Last week, Energy Secretary Dr. Ernest Moniz and National Renewable Energy Laboratory (NREL) Director Arvizu unveiled Peregrine, the newest Energy Department supercomputer. This innovative warm-water, liquid-cooled supercomputer is housed at NREL in Golden, Colorado, as part of the brand new state-of-the-art Energy Systems Integration Facility (ESIF).
The new supercomputer and the facility it resides in reflect a new era in energy policy. ESIF is the nation’s first major research facility focused on clean energy grid integration and wide-scale deployment. The center is tasked with helping “manufacturers, utilities, and public and private sector researchers overcome the challenges of integrating clean energy and energy efficiency technologies into today’s energy infrastructure.”
“The Energy Department has been at the forefront of large scale computation and modeling, and new NREL supercomputing capabilities will support the groundbreaking science and innovation we need to address the effects of global climate change and pave the way to a cleaner, more sustainable energy future,” stated Energy Secretary Ernest Moniz.
With over a petaflop of computing capability (1.2 petaflops peak), Peregrine is reportedly the largest HPC resource devoted solely to renewable energy and energy efficiency research. Designed in collaboration with HP and Intel, the supercomputer will be housed in one of the most energy efficient datacenters in the world, with a power usage effectiveness (PUE) rating of 1.06 or better. The new system will support the large-scale modeling and simulation of material properties, processes and fully integrated systems, setting the stage for breakthroughs in renewable energy technologies.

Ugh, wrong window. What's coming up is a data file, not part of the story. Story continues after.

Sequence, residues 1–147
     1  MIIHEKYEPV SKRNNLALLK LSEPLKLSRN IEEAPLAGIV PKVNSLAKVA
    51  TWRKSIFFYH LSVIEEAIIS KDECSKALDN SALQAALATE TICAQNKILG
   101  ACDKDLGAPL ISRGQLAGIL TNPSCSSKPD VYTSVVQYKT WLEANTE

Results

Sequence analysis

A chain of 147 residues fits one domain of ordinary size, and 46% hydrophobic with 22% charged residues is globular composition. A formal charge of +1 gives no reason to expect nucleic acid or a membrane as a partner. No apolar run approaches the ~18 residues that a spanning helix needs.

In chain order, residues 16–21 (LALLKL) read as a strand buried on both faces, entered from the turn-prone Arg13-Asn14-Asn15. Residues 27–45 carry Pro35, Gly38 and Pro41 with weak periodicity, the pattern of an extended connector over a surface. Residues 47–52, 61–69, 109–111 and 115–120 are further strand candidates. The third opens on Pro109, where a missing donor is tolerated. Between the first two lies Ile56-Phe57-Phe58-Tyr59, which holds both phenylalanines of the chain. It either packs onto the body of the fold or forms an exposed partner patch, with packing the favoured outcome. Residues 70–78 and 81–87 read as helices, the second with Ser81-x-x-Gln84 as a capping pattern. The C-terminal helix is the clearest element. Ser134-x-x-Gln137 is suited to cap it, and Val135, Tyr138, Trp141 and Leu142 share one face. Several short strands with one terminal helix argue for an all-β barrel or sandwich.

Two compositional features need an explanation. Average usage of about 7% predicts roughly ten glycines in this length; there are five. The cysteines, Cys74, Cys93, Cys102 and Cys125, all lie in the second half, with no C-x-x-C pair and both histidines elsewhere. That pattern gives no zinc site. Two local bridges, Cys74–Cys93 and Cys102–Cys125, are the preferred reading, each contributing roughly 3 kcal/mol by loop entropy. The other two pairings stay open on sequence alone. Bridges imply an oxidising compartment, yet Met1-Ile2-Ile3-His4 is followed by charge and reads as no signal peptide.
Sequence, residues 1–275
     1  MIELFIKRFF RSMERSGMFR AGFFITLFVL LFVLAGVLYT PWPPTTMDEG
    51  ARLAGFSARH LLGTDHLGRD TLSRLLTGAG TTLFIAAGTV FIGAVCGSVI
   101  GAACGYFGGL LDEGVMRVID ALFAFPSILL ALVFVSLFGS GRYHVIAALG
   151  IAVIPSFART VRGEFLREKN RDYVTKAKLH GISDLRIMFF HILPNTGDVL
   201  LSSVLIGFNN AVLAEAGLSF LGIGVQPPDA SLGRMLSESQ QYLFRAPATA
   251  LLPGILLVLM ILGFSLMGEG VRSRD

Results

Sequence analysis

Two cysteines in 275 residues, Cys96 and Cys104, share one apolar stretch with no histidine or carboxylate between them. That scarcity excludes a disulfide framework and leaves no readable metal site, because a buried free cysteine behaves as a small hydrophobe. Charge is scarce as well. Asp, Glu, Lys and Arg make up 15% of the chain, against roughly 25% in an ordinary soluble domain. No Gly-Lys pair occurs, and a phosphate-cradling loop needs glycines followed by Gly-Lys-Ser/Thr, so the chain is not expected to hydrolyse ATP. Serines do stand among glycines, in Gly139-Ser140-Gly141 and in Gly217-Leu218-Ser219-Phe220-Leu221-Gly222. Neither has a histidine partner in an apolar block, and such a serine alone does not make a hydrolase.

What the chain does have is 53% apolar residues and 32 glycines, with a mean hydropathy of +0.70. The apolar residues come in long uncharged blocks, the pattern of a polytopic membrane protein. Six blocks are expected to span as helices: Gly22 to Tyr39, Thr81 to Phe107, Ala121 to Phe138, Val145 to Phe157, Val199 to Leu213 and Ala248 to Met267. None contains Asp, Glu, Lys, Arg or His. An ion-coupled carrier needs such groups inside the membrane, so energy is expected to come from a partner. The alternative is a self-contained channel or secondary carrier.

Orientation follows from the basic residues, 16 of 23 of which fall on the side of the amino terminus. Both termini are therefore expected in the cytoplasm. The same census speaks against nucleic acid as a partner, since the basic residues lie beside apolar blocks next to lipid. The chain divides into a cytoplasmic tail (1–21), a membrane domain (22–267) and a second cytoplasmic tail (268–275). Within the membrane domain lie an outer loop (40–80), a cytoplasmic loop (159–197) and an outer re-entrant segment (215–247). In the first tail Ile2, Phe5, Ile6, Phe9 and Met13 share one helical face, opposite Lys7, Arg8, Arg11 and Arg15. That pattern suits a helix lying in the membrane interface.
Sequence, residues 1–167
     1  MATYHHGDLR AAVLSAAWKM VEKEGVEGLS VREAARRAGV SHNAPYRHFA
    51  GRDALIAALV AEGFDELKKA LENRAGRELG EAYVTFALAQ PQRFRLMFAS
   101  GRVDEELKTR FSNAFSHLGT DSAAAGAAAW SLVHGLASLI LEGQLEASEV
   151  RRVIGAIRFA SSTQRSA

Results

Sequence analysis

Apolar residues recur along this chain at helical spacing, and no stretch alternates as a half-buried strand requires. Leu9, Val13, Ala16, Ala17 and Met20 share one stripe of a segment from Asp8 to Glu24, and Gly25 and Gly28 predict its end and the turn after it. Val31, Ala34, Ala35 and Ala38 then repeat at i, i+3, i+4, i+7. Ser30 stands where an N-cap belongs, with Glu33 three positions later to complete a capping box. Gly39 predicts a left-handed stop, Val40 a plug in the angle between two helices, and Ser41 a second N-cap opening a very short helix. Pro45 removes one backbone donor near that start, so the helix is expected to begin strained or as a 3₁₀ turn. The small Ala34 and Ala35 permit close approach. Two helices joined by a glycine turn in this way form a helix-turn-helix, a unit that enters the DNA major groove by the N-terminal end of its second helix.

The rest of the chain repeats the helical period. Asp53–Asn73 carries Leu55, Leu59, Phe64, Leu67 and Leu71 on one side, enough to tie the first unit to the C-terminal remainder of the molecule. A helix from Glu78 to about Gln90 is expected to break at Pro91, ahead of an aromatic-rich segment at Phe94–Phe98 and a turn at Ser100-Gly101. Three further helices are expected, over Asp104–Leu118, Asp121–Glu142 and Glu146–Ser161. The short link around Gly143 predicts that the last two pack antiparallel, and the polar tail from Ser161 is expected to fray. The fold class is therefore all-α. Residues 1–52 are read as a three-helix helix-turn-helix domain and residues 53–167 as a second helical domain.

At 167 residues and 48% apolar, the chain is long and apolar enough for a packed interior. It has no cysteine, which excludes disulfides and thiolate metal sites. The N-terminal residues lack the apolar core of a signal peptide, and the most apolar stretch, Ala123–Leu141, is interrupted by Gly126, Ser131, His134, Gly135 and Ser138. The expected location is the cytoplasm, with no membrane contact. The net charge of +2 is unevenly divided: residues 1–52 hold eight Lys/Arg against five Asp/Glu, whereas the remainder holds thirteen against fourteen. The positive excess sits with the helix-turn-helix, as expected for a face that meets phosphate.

Supercomputing has the ability to transform research in a way that is just not possible through direct experimentation alone. Between Peregrine and ESIF’s interactive hardware-in-the-loop system, researchers and manufacturers can test their products under real-world conditions. This capability boosts reliability and efficiency and also lowers the cost of fielding clean energy technologies.
The ground-breaking DOE site is part of a comprehensive commitment to clean energy, a national strategy that includes President Obama’s mandate to double renewable electricity generation by 2020. To reach this goal, NREL is working closely with industry, academia, and other agencies, and several projects are already under way.
On the day of Secretary Moniz’ visit, the DOE, NREL and Toyota announced a collaborative research effort focused on integrating electric vehicles into the power grid. The team of scientists and engineers are exploring ways to accommodate the growing number of US vehicles. In another project, NREL is helping the U.S. Army develop the Consolidated Utility Base Energy (CUBE) System. It’s a hybrid power system that provides electricity to forward operating bases. Wyle Labs, the Army’s Rapid Equipping Force, is funding NREL to produce a prototype CUBE system and validate its performance, reliability, and potential fuel savings.